BP’s Bob Dudley admits that hurricane Alex is driving oil to the US coast
BP’s share price took another 2pc knock, after the chief of the company’s oil spill response unit admitted that Hurricane Alex has spread oil inland.
By Rowena Mason
02 Jul 2010
Robert Dudley, chief of BP’s Gulf Coast restoration efforts, said high seas and winds were to blame for the growth of the slick.
“It has brought in oil, unfortunately, from the panhandle of Florida to Louisiana, right now, at a higher rate than it has been over the last few days,” he said.
BP shares continued to come under pressure more than 10 weeks after its Deepwater Horizon rig exploded and sank, triggering the giant leak. The shares dropped 5.95 to 322p in London.
In further developments:
• BP said it was still investigating claims by a US freelance photojournalist that workers have been trucking new sand to Louisiana beaches. The new layers appear to conceal tar balls caused by the slick.
• Admiral Thad Allen, the US incident commander, stuck to the official target date of August for the completion of BP’s relief wells, which are intended to plug the leak. However, BP is currently ahead of schedule, he added.
• Christophe de Margerie, the chief executive of Total, said the French oil giant would look at buying any assets that BP may sell as part of its $10bn disposal programme. He confirmed it was not looking at a bid for the entire company.
• BP said it was close to reaching an agreement with environmental groups on new ways to prevent turtles from being burnt alive. It may now remove them from the water before setting fire to oil on the ocean. This week, one group filed a lawsuit accusing BP of violating the US Endangered Species Act by failing to protect the rare Gulf Coast sea creatures.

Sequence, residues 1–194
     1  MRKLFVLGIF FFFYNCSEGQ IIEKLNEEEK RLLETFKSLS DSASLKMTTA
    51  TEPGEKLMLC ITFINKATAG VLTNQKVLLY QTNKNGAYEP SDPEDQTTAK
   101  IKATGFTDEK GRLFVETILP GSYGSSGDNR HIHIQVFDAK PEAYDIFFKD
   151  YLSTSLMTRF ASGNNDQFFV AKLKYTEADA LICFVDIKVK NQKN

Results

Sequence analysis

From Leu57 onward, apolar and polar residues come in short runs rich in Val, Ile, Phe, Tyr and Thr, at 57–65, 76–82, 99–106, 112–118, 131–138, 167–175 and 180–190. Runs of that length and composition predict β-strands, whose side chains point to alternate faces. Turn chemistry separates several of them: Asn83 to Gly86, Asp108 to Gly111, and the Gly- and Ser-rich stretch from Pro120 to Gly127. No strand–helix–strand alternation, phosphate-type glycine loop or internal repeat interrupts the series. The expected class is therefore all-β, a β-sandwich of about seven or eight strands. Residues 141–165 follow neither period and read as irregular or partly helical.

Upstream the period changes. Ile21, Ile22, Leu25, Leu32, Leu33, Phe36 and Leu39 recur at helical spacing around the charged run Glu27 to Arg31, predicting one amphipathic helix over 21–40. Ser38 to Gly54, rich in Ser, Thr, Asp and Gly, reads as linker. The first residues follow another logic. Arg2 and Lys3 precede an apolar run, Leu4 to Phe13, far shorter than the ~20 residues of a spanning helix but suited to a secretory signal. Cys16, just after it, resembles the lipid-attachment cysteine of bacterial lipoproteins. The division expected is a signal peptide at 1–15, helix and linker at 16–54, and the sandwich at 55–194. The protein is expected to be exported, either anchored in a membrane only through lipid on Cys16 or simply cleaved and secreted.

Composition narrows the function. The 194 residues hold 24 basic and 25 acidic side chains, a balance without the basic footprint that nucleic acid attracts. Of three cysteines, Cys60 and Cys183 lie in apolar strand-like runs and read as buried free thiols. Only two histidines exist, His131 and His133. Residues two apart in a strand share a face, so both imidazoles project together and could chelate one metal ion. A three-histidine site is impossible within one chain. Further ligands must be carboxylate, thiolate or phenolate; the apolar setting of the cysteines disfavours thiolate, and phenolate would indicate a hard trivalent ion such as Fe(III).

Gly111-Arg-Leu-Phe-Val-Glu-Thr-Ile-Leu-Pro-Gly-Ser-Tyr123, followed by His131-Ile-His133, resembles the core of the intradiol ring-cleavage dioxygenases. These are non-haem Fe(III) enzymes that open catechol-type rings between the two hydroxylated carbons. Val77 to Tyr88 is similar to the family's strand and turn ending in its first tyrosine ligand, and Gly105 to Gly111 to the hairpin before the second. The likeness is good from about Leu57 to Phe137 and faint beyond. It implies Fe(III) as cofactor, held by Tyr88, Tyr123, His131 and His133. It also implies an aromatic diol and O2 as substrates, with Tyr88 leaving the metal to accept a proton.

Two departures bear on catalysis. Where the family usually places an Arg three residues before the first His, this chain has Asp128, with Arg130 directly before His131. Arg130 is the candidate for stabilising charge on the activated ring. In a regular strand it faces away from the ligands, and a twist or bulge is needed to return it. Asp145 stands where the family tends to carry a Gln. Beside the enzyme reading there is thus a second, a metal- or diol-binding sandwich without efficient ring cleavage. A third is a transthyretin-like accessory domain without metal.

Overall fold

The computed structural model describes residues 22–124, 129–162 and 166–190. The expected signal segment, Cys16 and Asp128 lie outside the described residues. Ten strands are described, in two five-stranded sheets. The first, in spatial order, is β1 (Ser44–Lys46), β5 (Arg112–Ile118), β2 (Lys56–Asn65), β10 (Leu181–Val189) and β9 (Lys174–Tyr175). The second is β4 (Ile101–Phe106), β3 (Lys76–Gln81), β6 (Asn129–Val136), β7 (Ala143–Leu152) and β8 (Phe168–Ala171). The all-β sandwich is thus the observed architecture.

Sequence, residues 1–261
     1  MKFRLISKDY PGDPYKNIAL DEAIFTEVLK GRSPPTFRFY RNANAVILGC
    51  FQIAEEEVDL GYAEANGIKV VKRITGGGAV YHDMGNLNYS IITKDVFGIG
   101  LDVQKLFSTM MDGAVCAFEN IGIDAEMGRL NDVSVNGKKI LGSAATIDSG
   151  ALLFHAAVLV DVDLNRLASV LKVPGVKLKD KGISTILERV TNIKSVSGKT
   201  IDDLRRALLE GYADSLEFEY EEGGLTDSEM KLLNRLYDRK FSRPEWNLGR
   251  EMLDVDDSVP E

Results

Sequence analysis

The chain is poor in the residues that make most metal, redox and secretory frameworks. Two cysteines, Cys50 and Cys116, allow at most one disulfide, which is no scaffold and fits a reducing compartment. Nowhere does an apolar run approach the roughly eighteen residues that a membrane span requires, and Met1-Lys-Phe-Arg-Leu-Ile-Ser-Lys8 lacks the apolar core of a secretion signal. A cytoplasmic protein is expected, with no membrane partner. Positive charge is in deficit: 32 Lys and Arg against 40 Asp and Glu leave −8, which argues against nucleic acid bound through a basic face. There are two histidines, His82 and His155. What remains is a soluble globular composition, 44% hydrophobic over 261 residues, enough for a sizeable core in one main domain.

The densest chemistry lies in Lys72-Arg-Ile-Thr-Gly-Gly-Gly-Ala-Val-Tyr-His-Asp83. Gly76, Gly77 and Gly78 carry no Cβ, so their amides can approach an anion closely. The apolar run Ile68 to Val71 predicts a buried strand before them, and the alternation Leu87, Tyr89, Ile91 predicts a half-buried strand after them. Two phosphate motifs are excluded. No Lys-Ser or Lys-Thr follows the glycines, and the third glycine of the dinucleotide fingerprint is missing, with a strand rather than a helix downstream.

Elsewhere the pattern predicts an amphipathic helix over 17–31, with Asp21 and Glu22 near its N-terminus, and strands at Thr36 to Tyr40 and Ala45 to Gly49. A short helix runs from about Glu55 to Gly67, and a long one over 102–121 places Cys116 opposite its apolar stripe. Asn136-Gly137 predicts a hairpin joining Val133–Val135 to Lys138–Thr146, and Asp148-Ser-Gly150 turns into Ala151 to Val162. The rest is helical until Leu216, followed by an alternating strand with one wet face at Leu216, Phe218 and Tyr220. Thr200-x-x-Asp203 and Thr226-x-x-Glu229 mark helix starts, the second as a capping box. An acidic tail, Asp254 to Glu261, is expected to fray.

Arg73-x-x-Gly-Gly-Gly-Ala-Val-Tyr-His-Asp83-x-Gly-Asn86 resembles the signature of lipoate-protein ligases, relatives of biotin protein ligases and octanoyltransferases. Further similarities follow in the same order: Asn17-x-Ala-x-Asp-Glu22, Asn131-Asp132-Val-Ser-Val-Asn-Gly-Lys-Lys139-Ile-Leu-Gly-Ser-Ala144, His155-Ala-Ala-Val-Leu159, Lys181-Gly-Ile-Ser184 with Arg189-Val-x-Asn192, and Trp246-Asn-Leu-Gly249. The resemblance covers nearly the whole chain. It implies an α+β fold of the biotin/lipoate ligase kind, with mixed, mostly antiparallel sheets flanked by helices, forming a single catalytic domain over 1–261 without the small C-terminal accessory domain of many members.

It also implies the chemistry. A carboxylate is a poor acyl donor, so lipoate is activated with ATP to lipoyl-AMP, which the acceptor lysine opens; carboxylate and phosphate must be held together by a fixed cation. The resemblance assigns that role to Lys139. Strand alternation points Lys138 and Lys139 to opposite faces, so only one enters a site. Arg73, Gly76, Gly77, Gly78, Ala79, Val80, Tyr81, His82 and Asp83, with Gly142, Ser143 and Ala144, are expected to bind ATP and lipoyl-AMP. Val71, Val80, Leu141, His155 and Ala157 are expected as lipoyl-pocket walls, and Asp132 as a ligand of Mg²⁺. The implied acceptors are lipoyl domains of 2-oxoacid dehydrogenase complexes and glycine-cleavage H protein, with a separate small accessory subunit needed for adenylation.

•The world’s biggest supertanker began skimming oil in the Gulf of Mexico, the day after the slick became the worst accidental spill on record. The only bigger spill is the deliberate release of oil by Iraqi troops during the 1991 Gulf War.
The Taiwanese ship known as the “Whale” could dramatically help the effort to remove remaining oil from the oceans surrounding the leak.
Meanwhile, BP’s clean-up efforts returned to normal after Hurricane Alex temporarily stopped it from spraying chemical dispersants and burning oil on the ocean.
The US Coast Guard said it was now preparing to fly over Louisiana’s marsh lands to check how far the winds have spread BP’s oil. It will also monitor whether protective barriers have been damaged by the hurricane.
Last night, weather forecasters began to observe a weak low pressure system over the north-east Gulf of Mexico that is drifting west towards the BP spill area. There is only a low chance of it developing into a tropical depression, but clean-up operations are likely to be put on hold at the first sign of a storm.
Scientists predict that Miami and the Florida Keys face a 61pc to 80pc chance of being hit with tar balls from the oil spill. The Mississippi River Delta to the western Panhandle of Florida face a 81pc to 100 pc risk of contamination.